Until recently, Facebook could feel at times like the virtual equivalent of a sleepy bingo parlor — an outmoded gathering place populated mainly by retirees looking for conversation and cheap fun. That was before the coronavirus. Now, stuck inside their homes and isolated from their families and friends, millions of Americans are rediscovering the social network’s virtues.
Smartphone data reveal which Americans are social distancing (and not)
The Washington Post
D.C. gets an 'A' while Wyoming earns an 'F' for following coronavirus stay-at-home advice, based on the locations of tens of millions of phones.
The Professors Who Call ‘Bullshit’ on Covid-19 Misinformation
Jevin West and Carl Bergstrom are policing Twitter feeds, Medium posts, and other sources of bad data and misleading charts.
Coronavirus transforms peak internet usage into the new normal
Internet usage is spiking. ISPs say they can handle it. Policy wonks aren't convinced.
At Alibaba's Lazada, coronavirus measures become the latest culture conflict
At Lazada, the Southeast Asian arm of Alibaba Group Holding, staff are furious over demands they submit health reports daily and other coronavirus-prevention steps seen as too invasive, highlighting a long-running culture clash with management from China.
Coronavirus spurs Ping An Good Doctor to hire hundreds of doctors in Indonesia
China's Ping An Good Doctor said its healthcare venture with ride hailing firm Grab plans to hire hundreds of doctors in Indonesia after the spread of the coronavirus caused demand for online consultations in the country to almost double. GrabHealth, launched in Indonesia in late 2019, now conducts nearly 10,000 consultations daily compared to between 5,000 and 6,000 a day prior to the outbreak, Good Doctor CEO Wang Tao told Reuters in an interview.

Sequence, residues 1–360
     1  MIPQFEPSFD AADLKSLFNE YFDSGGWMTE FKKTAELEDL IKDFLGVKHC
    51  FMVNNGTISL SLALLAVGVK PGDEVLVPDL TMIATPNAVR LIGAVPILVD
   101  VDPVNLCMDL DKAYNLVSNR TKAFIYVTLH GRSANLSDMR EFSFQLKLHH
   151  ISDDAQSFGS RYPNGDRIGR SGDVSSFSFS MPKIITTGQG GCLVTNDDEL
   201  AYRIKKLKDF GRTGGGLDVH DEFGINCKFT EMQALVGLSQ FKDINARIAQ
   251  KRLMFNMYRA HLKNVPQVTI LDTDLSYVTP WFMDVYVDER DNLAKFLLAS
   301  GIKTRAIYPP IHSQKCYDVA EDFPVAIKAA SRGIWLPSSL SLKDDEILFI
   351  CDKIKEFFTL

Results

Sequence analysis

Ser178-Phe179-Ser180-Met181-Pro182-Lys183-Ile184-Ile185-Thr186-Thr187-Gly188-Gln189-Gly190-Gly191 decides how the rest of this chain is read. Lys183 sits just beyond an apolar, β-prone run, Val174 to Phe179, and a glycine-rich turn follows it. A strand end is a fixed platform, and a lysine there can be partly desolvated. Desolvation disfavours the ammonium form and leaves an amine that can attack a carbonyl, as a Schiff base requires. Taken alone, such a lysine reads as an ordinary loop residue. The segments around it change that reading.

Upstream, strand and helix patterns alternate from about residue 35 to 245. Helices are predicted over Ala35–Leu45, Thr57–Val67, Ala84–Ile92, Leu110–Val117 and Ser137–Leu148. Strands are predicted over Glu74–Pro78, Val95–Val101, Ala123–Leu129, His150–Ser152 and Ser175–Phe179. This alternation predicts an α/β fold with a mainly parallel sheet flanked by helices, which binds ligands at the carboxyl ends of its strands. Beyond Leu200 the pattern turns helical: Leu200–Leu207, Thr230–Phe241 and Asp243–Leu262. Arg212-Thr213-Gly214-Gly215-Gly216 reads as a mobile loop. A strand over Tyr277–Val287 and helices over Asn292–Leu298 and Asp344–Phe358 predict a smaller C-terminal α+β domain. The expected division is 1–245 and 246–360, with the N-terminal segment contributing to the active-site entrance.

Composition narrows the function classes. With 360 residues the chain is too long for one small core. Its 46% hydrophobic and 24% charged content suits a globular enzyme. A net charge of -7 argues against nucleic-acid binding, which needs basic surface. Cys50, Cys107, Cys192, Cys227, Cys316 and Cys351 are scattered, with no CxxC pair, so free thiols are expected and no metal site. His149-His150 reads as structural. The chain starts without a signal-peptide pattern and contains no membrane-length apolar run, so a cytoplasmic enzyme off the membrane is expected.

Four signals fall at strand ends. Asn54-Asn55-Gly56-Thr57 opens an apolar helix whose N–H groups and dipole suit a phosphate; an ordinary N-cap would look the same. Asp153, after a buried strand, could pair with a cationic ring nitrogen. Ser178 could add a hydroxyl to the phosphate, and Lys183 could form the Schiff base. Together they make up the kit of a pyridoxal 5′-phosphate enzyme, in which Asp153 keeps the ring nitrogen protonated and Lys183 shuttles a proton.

India needs tech solutions to contain the pandemic. Controversial Chinese giant Huawei offers help
As India locks down to shake off the menacing Covid-19, it promises to be a mountain to climb, a perilous journey. With a surge in cases, the country may be fast running out of options in the war against the pandemic. Still, the Modi government may find a weapon in technology, learning a thing or two from China.
Clearly, Huawei wants a bigger footprint in India over the next few years. Its efforts to join India’s war against the coronavirus — and yet remain untouched by it — need to be seen in that context. But given its controversial past, it’s unlikely to be a smooth ride.
Israeli Spyware Firm Wants to Track Data to Stop Coronavirus Spreading
An Israeli technology company, which has gained notoriety for the spyware it sells, has developed a new product it says has the ability to track the spread of the coronavirus. NSO Group Ltd.’s product analyzes huge volumes of data to map people’s movements to identify who they’ve come in contact with, which can then be used to stop the spread of infection, according to a person familiar with the matter.
There Is a Racial Divide in Speech-Recognition Systems, Researchers Say
The New York Times
Technology from Amazon, Apple, Google, IBM and Microsoft misidentified 35 percent of words from people who were black. White people fared much better.
Hackers Are Taking Over Twitter Accounts to Advertise Face Masks
Hackers have taken over a wave of Twitter accounts to aggressively advertise a website that claims to be selling face masks and toilet paper during the coronavirus pandemic.
Nokia asserts 5G patent leadership - Mobile World Live
Mobile World Live
Nokia launched into an emerging battle for 5G patent bragging rights among the world’s big-three vendors, declaring it had registered more than 3,000 patents as essential for next-generation networks and pumped approximately €4.4 billion into broader technology R&D in 2019 alone.
Big Tech Could Emerge From Coronavirus Crisis Stronger Than Ever
The New York Times
@daiwaka @jacknicas @SteveLohr @MikeIsaac
Amazon is hiring aggressively to meet customer demand. Traffic has soared on Facebook and YouTube. And cloud computing has become essential to home workers.
Amateur scientist making kits that test for COVID-19 in just 30 minutes
Amateur "biohackers" are making their own experimental COVID-19 test kits, which purport to diagnose the disease in just 30 minutes, and which patients can potentially perform themselves.